Motor racing: Thrills for a real racer

David Tremayne finds Mark Blundell enjoying life in the fastest of lanes
Click to follow
The Independent Online
When Mark Blundell lost the Cart PPG IndyCar World Series race at Detroit on 8 June and said afterwards that he thought his PacWest team would very shortly avenge themselves, even he little guessed that he would make good his threat so soon afterwards. In Portland, Oregon, last Sunday Blundell scored Cart's closest ever finish when he edged out Gil De Ferran by 0.027sec in a neck-and-neck sprint to the finish that would have done Michael Johnson proud.

In Detroit, Blundell's Reynard-Mercedes had trickled to a halt one corner from victory after a gamble on fuel failed to pay off. "I thought I was home and dry," he said, after watching his team-mate Mauricio Gugelmin suffer a similar fate earlier in the lap. "But it turned out I was just dry."

Few begrudged Blundell his Portland victory in a race spoiled by a wet track which then dried out, and countless yellow flag periods in which the cars burbled round behind a pace car while accident debris was cleared away. One of several Formula One refugees rebuilding career and dignity with strong performances in the US, the 31-year-old from Royston in Hertfordshire switched last season when his place at McLaren was taken by David Coulthard. The Scot's Formula One debut, ironically enough, had been at Spain in 1994, when Blundell scored the best result of his grand prix career with third place for Tyrrell-Yamaha.

Blundell's dues have been paid as he has adjusted to the adrenalin-pumping mix of road courses, street circuits, mile ovals and two and a half mile superspeedways that make up the IndyCar tracks, in particular finding the latter a huge challenge. In Rio last year he escaped a massive 200mph accident caused by brake failure, which sent his Reynard careering straight into a concrete wall. It was, observers said, an accident nobody could have survived 10 years earlier. As tough as they come, Blundell got himself out of the car before collapsing. Earlier this year he had another big shunt testing at the Homestead track.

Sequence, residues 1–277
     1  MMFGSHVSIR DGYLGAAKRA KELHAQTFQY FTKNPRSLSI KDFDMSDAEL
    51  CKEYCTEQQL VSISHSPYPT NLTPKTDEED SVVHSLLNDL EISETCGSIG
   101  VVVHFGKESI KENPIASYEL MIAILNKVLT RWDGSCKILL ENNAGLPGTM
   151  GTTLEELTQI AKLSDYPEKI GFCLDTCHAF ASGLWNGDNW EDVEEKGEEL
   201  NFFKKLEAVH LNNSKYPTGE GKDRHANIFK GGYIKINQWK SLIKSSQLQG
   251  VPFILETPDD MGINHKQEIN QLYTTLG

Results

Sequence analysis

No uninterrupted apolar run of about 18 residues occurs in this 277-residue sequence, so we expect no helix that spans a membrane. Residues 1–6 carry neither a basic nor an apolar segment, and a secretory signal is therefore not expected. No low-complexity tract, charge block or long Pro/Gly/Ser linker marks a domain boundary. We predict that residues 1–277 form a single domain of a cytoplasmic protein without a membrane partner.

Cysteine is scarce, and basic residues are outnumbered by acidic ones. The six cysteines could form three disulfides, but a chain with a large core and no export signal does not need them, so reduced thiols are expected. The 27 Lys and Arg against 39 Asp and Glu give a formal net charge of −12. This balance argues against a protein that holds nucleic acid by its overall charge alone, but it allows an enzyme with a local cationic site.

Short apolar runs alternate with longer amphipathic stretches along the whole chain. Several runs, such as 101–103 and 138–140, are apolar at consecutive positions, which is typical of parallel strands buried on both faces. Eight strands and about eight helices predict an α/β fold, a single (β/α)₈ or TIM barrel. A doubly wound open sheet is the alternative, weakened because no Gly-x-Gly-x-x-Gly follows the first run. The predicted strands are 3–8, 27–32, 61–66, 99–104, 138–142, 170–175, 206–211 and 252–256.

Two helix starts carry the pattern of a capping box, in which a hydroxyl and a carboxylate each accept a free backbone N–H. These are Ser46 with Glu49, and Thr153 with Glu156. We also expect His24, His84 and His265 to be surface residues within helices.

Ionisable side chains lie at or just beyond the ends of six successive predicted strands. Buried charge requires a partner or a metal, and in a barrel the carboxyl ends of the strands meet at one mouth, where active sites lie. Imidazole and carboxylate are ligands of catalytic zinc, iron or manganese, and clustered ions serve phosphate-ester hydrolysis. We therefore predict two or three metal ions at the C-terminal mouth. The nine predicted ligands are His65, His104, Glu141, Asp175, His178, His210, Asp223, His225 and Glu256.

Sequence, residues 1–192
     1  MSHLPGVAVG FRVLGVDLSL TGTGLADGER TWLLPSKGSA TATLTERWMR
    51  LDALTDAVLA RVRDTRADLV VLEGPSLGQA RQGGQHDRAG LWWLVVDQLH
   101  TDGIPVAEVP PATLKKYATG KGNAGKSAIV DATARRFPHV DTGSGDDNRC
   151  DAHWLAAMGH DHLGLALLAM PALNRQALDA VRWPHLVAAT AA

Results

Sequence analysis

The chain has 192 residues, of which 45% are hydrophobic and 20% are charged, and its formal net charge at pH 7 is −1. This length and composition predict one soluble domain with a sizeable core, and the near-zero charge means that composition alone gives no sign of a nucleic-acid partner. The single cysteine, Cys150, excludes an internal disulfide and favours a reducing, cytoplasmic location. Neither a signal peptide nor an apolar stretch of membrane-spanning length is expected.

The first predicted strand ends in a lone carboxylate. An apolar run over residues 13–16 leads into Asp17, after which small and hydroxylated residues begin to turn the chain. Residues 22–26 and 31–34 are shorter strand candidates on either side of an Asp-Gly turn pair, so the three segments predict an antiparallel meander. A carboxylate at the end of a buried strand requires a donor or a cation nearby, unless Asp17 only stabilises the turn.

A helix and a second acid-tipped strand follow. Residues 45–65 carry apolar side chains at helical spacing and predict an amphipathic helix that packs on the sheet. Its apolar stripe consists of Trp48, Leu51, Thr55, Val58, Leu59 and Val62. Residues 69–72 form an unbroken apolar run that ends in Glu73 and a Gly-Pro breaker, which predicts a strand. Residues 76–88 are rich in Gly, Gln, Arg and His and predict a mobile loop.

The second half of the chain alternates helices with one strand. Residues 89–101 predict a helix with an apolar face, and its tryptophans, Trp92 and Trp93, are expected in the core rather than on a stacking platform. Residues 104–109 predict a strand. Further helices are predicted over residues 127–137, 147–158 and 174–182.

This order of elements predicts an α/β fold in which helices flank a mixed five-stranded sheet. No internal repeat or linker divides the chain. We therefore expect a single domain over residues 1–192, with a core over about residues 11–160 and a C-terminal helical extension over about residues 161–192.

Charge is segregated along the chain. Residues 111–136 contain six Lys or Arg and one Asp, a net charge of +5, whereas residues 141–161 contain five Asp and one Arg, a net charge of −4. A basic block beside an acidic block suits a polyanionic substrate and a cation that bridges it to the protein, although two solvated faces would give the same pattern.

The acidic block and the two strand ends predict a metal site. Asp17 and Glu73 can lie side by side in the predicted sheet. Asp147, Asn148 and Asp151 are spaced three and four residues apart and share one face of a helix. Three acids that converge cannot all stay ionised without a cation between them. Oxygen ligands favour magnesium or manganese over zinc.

"They were both big hits," he says dismissively, the typical racing driver shrugging off horrors best not dwelt upon. "But in this game you have to get used to that. That, and the prolonged speed on the ovals. The first time you do it, it's like the most amazing thing you've ever done, because you're just going and going."

In Canada Blundell stood in for his former team-mate Martin Brundle on ITV duty, and found that Formula One has changed even in the short time he's been away. "It just seems so much less welcoming. There's a distinct feeling that you're either in or you're out. It's a bit insular.

"Fortunately I was in for the weekend. For sure it's just as professional over there, but the atmosphere is more relaxed." Even if the speeds are often higher.

Blundell's come-from-behind win highlighted IndyCar's other great asset: overtaking. "You can do more with the cars," Blundell said. "In F1, if you get too close to the car in front you lose downforce. In IndyCar you can get close enough to try to overtake even on the superspeedways, where you're doing 230mph.

"I'm not saying it's very pleasant doing that, and you'd better know what you're doing, but it can be done. You can't deny that you get great racing; at the end of the day that's what it's all about. The thing I love about it is that you really can race."

Which, of course, is exactly what a large number of the Formula One drivers would love to be doing.

Comments